Emotion is a psycho-physiological process triggered by the conscious and/or unconscious perception of an object and is often associated with mood, temperament, personality disposition and motivation . Recognizing emotional feedback is important for intelligent human-computer interaction . Individuals usually express various emotions that are important in human-computer interactions. Many fields in real life could leverage the advanced of computational emotion recognize, including health care , games, and e-learning . For example, if the emotion recognition is well-employed, services in the fields of medical care and driving could be more customer-friendly for aged people  and car drivers , respectively. However, current researches for emotions recognition are mainly focused on the detection of different emotion categories rather than intensity.
Tension of different intensity levels could play pivotal roles in conducting daily cognitive tasks. While moderate tension may contribute to task completion, over-relaxation or excessive tension can exert negative influence on one’s performance. Therefore, identifying an effective method for tension intensity recognition (TIR) can carry substantial significance. For an instance, it is necessary that an astronaut is trained to control their feelings and tension. Overwhelming tension could led to failed performance with serious consequences.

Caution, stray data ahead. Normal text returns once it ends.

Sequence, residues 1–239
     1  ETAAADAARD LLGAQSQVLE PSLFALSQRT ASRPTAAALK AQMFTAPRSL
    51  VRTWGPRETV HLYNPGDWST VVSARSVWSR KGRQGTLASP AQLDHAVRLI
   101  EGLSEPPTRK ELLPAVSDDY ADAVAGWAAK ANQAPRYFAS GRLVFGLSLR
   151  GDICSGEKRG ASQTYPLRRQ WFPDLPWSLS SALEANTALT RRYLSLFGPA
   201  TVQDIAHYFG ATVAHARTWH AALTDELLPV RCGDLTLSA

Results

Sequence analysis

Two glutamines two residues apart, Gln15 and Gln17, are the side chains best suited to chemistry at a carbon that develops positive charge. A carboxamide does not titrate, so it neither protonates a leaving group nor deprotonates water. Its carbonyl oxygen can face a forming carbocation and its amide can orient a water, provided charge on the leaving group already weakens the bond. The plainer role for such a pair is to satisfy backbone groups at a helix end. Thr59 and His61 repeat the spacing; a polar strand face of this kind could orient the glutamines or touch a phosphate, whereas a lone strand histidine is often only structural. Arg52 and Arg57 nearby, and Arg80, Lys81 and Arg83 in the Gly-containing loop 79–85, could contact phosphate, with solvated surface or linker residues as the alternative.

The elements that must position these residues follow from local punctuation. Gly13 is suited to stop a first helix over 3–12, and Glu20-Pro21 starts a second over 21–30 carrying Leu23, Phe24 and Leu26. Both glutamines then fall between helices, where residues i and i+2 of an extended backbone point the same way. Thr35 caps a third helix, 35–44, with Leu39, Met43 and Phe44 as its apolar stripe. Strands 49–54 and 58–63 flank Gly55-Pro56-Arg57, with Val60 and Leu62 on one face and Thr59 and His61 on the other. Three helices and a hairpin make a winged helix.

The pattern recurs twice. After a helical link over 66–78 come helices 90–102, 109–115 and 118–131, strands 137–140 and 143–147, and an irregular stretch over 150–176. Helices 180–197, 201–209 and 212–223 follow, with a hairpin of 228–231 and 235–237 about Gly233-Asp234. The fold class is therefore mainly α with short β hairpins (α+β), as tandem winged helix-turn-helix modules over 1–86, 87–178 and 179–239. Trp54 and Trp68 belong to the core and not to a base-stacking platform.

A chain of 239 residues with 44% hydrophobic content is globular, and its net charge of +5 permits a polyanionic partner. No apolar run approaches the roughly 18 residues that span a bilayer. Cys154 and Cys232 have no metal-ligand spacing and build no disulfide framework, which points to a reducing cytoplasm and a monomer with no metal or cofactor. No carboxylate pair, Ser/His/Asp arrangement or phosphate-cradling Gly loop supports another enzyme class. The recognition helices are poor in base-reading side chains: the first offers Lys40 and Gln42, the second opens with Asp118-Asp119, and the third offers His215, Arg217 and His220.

Although traditional methods, as such facial expressions, have been widely used to recognize emotion intensity levels, multi-physiological signals have begun to receive attention. This is due to the fact that these signals are more objective . These signals including electroencephalogram (EEG), electrocardiogram (ECG), respiration (RSP) and electrodermal activity (EDA). In this study, we utilized a SVM scheme to recognize various intensities of tension elicited by using a film clips, with features extracted from electro-physiological signals including EEG, ECG, RSP and EDA. To our knowledge, this is the first study employing features of multi-physiological signals for TIR.